For Reegan Jungkind, it’s the panic rather than smoky air that’s making it difficult to take full breaths. She’s suddenly started getting headaches and her hands have been shaking for what she thinks has been at least a year.
Jungkind, 21, says what she used to think of as “eco-anxiety” is now more like eco-panic.
“It’s something that is soul-crushing, like, I just feel the entire weight of the world on my shoulders all the time,” she said.
Originally from Hay River, N.W.T., Jungkind now lives in Edmonton during the school year and Yellowknife in the summer. Two weeks ago, she was visiting family in Hay River when the town issued an evacuation order because of nearby wildfires.
Courtney Howard is an emergency room doctor in Yellowknife and an expert on how climate change impacts health.
She says there’s a spectrum of ecologically related emotions to describe people’s feelings about the Earth. She describes eco-worry as concern about what’s currently happening to the planet, and what may happen in the future.
There’s also ecological anger, and grief about environmental injustices and loss.
In what N.W.T. officials are calling an unprecedented wildfire season, along with news of natural disasters across the globe, it’s normal, Howard says, to feel an increased sense of anxiety.
“These are normal responses to a real threat,” she said.
Jungkind says her family arrived safely in Fairview, Alta., after leaving Hay River, but she worries for her family and especially her young cousins who have now had to leave their community three times in two years. Hay River was evacuated earlier this year in May because of fire as well, and also last year due to flooding.
“You would never want a four-year-old child to know what it means to have to leave their homes because of a forest fire,” Jungkind said.
Among those most likely to struggle with anxiety related to the environment are those who live close to the land, climate scientists who interact with the data, and youth, Howard said.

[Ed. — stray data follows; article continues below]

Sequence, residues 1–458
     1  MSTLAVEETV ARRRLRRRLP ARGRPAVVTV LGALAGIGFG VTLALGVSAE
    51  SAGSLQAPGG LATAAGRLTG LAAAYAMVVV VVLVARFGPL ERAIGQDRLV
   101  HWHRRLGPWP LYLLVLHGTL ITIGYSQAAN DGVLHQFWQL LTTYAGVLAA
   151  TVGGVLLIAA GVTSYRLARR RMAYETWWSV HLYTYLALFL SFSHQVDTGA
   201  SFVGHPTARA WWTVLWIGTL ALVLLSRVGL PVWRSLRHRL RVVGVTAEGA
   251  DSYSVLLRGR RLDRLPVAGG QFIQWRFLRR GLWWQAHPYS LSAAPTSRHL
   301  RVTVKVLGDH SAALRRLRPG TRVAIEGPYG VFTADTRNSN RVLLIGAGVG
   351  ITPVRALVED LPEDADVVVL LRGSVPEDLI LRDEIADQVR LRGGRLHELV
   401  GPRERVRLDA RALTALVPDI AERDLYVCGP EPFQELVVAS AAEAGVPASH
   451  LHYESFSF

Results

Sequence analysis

“On the whole, a lot of people are feeling real worry,” she said.
To manage those feelings, Howard suggests people take care of themselves with proper sleep, diet and exercise habits, connect with community, and show themselves some grace.
“Cry if you need to cry, hug your loved ones, go outside and yell if you need to. Whatever it is to help you at this moment come to a place of some emotional peace.”
William Gagnon is a climate activist in Yellowknife who has experience running workshops on eco-worry and how to manage it. For him, the feelings manifest as chest and stomach pain — but he says they can be different for everyone.
He said often people can get caught up feeling overwhelmed and helpless.
“But what I learned is that action alleviates anxiety,” he said.
“So if you’re stressed financially, you make a budget … If you’re stressed about climate change, then you also make a plan in your head.”
For Gagnon, that drove him to pursue a master’s degree in bioresource engineering on carbon capture and storage, but he says there are other, simpler ways to take action, such as by composting or choosing alternatives to driving.
“All climate solutions are good solutions and perfection is the enemy of the good, so don’t beat yourself,” he said.
Jungkind suggests that people who experience eco-worry should stay informed.
“Get as much information as you can from everybody, not just the internet, but from elders, from community members, from your people, from the government — as much information as you possibly can about everything,” she said.
“And if you get all of that information and you’re like, ‘I’m upset about this,’ then that’s the next step, is getting involved.”